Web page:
We reached our pleasant little hotel in a little backstreet on the non-touristy side of Bangkok.  Plants and potted trees and brightly painted wall a pleasant haven, just back from a busy road with its impressive if frighteningly complex maze street cables, just above the pedestrians .  Although we seem to be the only guests…is this a sign of things to come?  Certainly the lack of Chinese tourists will make a big dent in the tourist economy.  While Bernie languished in the air-conditioned room catching up on the missed nights sleep on the plane, David had a fit of activity and had soon rebuilt our bikes. We had arrived and were ready for our next adventure20200302_183306


Happy Christmas and news of our next trip

Our last trip ended in sadness because my brother, Peter, a wonderful musician, devoted Dad and much loved brother died on 3 February 2019.  He was a traveller who loved this part of the world and was responding with wit and perceptive comments to photos we sent to him by WhatApp up to a few days before he died. We all miss him greatly.

But Peter would have wanted us to carry on and so, over the Christmas break, we are planning the next leg of this amazing journey.  At the moment we are planning to leave the UK on the 29th February for about 7 weeks, with a provisional plan to cycle from Bangkok to Singapore.

If anyone reading this has experience of cycling this route, we would love to hear from you.  All tips, routes and information about places that must be visited (or must be avoided) would be most welcome.

It seems prescient to start the trip again on 29th February, the leap day of a leap year, and we will start the blog again as we lead up to our departure.

Happy Christmas to anyone reading this and our very best wishes for 2020.

David and Bernie


Saturday 2 February 2019 : Pong D’Rang to Che Se : 98km and 850m of climbing

At some point today, Bernie (who was cycling in front of me) said “makes you think all this cycling”. Makes you think what I wondered – but the answer is that it just makes you think. There are lots of times of the day when the road looks much the same as it did for the last hour, and will look much the same for the next hour. Traffic was light, the surface was good and there were not too many kamikaze motor bikers doing 60kph on the wrong side of the road just to prove they were invincible. We duly got out of the way of the few who did – thus proving they were right, of course.

The “main” road we followed all day

We learned today the sad news that one of my favourite comedians, Jeremy Hardy, had died of cancer. It also would have been have been my father’s birthday today – he died 16 years ago. If he had lived, he would have been 94 – which would have been a far better age than the age when he was taken from us all so young. Jeremey Hardy was a year younger than me, at just 57. I met him about 18 months ago at a legal charity dinner; he was as funny, genuine and engaged in person as he appeared on the radio. Both were sad losses and died far too young.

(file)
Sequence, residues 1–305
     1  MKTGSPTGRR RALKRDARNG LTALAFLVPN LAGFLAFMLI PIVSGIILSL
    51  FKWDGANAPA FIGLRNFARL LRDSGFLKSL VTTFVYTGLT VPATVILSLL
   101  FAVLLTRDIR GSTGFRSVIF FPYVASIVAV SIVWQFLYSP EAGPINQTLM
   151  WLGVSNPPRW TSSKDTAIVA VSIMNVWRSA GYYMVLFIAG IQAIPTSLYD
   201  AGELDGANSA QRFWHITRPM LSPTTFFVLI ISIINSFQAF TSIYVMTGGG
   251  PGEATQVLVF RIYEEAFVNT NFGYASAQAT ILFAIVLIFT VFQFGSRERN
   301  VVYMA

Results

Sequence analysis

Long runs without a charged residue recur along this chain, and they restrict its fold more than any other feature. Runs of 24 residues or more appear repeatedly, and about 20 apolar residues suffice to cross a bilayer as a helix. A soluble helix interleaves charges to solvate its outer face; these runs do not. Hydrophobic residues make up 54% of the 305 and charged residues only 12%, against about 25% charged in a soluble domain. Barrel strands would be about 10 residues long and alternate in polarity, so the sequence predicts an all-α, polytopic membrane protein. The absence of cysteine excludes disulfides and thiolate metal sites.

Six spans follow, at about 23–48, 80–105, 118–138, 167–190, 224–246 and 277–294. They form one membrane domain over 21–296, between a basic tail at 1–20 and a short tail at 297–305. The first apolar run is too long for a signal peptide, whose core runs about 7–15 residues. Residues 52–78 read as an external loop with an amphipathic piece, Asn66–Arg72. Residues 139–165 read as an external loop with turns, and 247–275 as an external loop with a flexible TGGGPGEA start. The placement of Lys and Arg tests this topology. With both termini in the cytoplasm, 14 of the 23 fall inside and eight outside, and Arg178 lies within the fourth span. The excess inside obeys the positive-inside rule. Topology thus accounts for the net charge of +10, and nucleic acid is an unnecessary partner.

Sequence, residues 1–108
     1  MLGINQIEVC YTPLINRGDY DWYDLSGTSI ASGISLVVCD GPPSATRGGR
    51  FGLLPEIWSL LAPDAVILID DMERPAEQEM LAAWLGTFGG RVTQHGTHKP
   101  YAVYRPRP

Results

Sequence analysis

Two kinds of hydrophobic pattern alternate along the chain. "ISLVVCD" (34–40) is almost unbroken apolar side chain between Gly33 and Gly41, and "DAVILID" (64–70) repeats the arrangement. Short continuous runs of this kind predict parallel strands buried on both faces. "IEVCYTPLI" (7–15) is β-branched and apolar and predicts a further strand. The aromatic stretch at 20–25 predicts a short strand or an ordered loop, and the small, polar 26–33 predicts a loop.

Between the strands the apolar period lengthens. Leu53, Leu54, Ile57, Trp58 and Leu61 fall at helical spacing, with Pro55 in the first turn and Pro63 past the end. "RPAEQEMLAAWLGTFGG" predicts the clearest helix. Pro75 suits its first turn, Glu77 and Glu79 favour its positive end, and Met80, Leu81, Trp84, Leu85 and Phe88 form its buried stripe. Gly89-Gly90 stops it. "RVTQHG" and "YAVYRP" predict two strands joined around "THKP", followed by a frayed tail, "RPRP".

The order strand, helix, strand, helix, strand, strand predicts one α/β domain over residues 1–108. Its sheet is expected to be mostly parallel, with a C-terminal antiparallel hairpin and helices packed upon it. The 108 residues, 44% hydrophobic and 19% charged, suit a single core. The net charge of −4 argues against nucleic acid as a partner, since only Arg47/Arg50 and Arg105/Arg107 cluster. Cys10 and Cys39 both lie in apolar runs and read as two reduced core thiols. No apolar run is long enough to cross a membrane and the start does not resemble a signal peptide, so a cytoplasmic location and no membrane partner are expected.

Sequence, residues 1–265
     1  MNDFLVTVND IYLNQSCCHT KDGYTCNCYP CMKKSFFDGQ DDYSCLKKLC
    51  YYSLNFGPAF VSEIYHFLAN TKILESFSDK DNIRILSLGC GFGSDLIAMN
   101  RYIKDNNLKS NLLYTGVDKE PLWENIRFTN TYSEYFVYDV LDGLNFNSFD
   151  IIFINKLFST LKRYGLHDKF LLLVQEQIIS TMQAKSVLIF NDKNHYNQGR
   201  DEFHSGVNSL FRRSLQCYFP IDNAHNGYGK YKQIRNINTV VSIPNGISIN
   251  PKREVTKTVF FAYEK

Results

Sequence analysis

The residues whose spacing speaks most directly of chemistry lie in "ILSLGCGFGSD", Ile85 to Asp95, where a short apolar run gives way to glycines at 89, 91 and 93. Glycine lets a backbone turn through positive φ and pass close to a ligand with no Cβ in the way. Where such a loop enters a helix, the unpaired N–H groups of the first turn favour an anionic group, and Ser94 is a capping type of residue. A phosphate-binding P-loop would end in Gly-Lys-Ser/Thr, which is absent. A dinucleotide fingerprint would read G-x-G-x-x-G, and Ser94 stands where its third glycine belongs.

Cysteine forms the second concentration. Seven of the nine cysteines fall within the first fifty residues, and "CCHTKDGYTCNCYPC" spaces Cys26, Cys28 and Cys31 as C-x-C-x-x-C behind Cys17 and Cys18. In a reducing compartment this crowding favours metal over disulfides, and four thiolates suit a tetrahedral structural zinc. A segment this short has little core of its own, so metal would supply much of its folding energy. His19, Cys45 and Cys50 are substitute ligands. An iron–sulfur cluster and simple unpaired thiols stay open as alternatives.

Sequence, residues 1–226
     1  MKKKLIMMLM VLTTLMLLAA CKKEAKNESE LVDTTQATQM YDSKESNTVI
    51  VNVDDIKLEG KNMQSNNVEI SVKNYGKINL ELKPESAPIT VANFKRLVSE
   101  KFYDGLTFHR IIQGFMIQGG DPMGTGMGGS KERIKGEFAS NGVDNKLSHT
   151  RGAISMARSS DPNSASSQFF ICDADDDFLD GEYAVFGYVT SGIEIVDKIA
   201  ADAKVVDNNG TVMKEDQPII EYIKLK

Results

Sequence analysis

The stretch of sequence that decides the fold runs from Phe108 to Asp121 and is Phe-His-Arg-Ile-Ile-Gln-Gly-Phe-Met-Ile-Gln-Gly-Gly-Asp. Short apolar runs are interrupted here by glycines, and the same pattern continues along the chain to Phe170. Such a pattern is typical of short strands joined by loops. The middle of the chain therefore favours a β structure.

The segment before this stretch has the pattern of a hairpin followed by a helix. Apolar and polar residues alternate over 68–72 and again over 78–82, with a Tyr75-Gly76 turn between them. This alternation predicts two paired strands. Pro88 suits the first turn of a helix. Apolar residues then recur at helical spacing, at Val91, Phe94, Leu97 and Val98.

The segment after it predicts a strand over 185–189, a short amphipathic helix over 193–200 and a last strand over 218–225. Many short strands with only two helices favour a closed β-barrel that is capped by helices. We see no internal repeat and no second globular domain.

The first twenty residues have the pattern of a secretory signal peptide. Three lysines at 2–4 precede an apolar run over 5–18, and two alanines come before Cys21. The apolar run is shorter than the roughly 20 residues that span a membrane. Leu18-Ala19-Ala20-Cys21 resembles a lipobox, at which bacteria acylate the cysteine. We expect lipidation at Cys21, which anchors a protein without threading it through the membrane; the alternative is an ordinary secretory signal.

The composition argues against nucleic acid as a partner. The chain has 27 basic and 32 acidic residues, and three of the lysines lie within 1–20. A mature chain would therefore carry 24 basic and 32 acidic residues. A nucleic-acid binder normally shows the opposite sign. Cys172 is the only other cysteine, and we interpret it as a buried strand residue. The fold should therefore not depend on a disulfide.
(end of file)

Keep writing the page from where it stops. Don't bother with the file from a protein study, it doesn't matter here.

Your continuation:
So back to cycling – why do we do it? I recall a cyclist in Scotland who referred to cyclists as “coffin cheaters” which is part of the reason – though there are other ways that are probably more effective.

Other than that, going up hills is easier on a motorbike but fewer children wave excitedly at motor bikers but we get waves en route all the time. Going slowly on a bike also means that life happens in slow motion around us – markets are full of people and bustle; but we slide through on our bikes with few observers (other than the children). We get fit I suppose but that is a side product – like losing weight – but is not the main reason we cycle. I suppose I still think there is something magical about having travelled 2,500km in a month under our own steam, seeing a country at slow motion and being a “tourist-lite”. There are sights we see, smells we experience, and people we meet that add up to things we would never have got any other way.

Viet in the way home for New Year

Take Viet for example. A fantastic young man who was cycling home to his family from Danang (where he worked) to BMT (see yesterday for an explanation of where this is). He was cycling the opposite direction today and we stopped for a chat – and it filled us both with great feelings of joy. Happy New Year to him and his family.

Then there are the times when things go wrong – such as today when 2 gear change cables snapped. We only have 2 spare cables and both are used up. It took me over an hour to work out why the first (and second) ones failed and then gingerly put the last one in place hoping it would hold (it did). Job for tomorrow in a city – replace spare gear cables. I know Malcolm would have been far better at sorting it out but, honestly, where is Malcolm when you need him in a crisis? I just hope the last cable will last until we get to Pleiku (about 50 km) tomorrow. But perhaps solving a problem such as a broken gear cable can be just as satisfying as a great view.

So back to Bernie and the fact that cycling makes us think. She is right – it does. There is plenty of time to reflect on what makes us tick, what is important, whether we live our values, considering past decisions about things that are important and things we have got wrong. In my case there is plenty of material for the last category but somehow the rhythm of the road means that, instead of destructive thoughts, the thought pattern is to accept where things have gone wrong, gently accept the delusion (or otherwise) that this does not make me a totally bad person, and try to learn the lessons from things that have not gone as well as they could. I have no idea why this process is better undertaken on a bike, but it is. So as long as the gradient is not more than about 5%, the mind is in overdrive. Of course if the slope is steep, all energy is focused on turning the pedals and cursing the climb. Not much profound thinking gets done when the slope is 7%.